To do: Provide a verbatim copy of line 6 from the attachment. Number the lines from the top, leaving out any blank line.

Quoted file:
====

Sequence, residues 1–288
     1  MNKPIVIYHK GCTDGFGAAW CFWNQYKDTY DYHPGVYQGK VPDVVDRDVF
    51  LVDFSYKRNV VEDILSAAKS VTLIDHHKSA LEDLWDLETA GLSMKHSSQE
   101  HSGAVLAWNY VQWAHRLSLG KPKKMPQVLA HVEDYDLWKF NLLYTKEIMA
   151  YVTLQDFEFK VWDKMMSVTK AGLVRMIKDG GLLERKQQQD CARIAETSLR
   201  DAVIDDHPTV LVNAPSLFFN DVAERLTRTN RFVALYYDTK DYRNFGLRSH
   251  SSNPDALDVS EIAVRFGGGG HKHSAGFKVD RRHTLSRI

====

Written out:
   201  DAVIDDHPTV LVNAPSLFFN DVAERLTRTN RFVALYYDTK DYRNFGLRSH